BY DAVE MARTIN
In my house, I don’t consider Thanksgiving to be over until I’ve finished all the leftovers in the fridge: all the stuffing, all the potatoes, every scrap of turkey, and every piece of pie.
Now that my fridge only has deli meats and a pint of blueberries left, I can finally reflect on the joyous holiday binge and Top 10 lessons I learned about family dinners:
I may sit in a center seat at the adult table, but I will always get the head seat at the kid table.
There actually is such a thing as too much pie.
Being old enough to drink with your family makes for a fun night.
If you don’t give your relatives leftovers, you’ll have enough food for over a week.
Being old enough to drink with your family makes them significantly more tolerable at awkward moments.
Undoing your belt and pants really makes the holiday special.
The fact that I gained seven pounds and didn’t split my pants is a miracle.
Beer goes great with dessert too (even the sweetest of pies).
Laughing does wonders, especially over childhood stories.
Older relatives pull out their phones more often than the college kids.
Most importantly, however, I see how critical my family is to my overall development as an adult. Whether I learn what to do or not to do (depending on the holiday or year), I learn how to build and foster a loving relationship with the people I needed most as a child.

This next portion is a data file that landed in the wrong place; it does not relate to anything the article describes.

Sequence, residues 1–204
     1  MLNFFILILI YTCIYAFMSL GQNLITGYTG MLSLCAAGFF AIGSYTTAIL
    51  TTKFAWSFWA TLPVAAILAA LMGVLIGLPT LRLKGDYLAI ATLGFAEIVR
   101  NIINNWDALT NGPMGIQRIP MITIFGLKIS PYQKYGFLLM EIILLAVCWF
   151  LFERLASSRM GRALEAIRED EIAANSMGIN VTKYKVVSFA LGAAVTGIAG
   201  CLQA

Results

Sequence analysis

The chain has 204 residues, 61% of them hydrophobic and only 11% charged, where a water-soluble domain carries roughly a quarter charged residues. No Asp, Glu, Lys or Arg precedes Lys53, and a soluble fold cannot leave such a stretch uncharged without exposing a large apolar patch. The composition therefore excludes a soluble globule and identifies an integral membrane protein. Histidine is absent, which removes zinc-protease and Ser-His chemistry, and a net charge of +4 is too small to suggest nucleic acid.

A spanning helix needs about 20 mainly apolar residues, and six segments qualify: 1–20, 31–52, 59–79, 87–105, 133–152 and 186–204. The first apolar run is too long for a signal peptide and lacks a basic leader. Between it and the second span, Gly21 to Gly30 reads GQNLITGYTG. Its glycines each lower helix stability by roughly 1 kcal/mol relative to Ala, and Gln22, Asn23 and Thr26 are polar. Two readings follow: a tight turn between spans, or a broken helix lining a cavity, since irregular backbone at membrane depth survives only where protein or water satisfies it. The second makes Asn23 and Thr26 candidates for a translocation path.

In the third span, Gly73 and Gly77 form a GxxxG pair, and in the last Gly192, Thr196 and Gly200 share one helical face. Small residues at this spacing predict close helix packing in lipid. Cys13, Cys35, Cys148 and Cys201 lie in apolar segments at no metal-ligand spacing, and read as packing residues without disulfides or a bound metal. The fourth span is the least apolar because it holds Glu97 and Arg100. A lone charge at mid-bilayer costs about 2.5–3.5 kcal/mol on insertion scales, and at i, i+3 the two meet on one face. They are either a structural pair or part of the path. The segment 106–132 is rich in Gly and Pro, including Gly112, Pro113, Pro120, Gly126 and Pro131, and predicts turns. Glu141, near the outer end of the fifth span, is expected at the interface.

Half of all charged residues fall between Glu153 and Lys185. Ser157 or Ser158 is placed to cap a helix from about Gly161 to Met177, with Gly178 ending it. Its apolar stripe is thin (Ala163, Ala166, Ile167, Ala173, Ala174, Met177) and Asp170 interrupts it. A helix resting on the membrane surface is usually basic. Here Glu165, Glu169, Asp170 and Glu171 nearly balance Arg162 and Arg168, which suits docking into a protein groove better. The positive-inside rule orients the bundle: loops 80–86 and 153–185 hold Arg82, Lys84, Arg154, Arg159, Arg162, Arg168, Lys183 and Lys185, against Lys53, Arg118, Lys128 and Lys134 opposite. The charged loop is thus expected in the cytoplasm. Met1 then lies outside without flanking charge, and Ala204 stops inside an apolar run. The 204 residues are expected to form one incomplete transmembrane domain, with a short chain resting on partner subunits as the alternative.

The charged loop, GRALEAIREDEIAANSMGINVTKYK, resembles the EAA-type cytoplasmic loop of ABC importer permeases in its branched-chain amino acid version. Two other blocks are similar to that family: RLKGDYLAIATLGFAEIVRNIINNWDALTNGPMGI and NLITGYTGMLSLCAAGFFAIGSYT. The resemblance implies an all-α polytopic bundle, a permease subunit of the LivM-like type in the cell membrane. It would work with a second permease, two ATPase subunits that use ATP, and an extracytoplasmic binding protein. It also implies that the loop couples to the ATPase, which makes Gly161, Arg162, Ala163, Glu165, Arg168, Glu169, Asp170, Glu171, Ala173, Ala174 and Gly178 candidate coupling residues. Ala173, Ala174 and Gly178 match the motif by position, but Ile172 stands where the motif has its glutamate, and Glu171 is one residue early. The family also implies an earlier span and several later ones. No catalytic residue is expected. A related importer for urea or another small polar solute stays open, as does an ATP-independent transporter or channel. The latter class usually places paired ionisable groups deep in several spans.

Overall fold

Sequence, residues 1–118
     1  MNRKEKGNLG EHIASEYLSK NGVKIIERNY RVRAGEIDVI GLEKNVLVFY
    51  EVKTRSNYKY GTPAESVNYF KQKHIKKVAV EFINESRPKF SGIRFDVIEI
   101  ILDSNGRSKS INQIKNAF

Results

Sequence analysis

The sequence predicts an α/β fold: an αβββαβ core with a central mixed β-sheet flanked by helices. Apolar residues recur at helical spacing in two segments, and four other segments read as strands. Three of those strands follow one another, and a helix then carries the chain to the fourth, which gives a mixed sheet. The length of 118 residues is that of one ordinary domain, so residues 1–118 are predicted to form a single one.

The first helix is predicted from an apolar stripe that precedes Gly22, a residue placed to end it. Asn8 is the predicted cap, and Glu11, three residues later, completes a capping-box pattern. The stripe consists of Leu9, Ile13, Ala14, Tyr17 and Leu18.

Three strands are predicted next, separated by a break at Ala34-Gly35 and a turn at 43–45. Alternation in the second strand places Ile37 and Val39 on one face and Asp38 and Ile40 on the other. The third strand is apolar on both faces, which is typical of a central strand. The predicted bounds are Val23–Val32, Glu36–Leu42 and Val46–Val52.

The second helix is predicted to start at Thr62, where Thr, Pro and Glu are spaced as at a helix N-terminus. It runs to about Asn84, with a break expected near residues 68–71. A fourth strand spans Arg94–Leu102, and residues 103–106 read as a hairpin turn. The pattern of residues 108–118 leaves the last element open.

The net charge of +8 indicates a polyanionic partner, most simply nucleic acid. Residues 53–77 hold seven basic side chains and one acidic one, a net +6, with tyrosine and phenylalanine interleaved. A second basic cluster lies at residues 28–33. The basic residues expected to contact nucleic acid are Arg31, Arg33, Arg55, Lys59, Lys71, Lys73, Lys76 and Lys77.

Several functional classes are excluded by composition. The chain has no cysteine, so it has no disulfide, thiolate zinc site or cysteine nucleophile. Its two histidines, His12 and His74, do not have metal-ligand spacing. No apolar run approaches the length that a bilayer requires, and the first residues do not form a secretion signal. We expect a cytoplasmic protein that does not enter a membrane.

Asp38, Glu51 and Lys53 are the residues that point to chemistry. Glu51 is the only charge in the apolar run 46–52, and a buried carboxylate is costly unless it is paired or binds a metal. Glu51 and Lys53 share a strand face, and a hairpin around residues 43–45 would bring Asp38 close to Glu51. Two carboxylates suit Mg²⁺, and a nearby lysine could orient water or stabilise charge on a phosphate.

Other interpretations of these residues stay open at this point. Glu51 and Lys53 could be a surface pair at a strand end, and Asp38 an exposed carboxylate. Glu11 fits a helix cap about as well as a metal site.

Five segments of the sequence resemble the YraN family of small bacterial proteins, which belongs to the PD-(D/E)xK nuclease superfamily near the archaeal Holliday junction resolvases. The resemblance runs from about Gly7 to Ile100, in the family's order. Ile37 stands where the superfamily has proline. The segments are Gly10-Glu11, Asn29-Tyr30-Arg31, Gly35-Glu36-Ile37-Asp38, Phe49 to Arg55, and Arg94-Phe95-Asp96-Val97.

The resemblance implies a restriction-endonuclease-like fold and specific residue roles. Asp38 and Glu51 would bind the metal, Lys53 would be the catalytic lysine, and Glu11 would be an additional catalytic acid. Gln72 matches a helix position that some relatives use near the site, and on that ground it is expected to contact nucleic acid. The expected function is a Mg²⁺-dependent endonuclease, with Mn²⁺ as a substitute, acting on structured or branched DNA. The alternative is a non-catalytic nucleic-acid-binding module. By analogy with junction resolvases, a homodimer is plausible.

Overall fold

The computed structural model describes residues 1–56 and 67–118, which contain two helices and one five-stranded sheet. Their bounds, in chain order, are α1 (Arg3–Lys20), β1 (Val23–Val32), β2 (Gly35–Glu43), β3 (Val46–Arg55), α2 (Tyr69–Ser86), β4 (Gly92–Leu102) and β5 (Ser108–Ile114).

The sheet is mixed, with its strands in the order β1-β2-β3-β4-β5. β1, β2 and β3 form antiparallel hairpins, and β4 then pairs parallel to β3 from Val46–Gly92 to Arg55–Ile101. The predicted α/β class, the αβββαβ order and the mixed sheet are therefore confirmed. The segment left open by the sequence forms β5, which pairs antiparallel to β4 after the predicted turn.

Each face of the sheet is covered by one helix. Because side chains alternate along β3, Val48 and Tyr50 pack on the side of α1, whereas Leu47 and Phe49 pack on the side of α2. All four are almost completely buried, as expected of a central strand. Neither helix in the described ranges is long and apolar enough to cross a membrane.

Though one could argue that Black Friday reigns as the king of Thanksgiving week, I can’t help but feel that a real, genuine Thanksgiving dinner and celebration are more important than any television or car deal. If I left the house early to buy the latest electronic device or to score a sweet deal on furniture, I would have missed out on conversations and laughs that help me define my relationships with my family. Any one of them could be gone tomorrow, and I luckily did not make a foolish decision to wait in line for several hours to fulfill my wish list. It’s so important that people build these relationships because of the impacts they can have on life—from as small as a personal level to as large as a world-wide phenomenon—because it helps us realize how and why we’re really human. I wouldn’t trade that for any 45” TV or premium leather coat any day.
Editor’s Note: Now that I think about it, there is NO SUCH THING as too much pie, especially if you aren’t afraid of falling into a diabetic coma.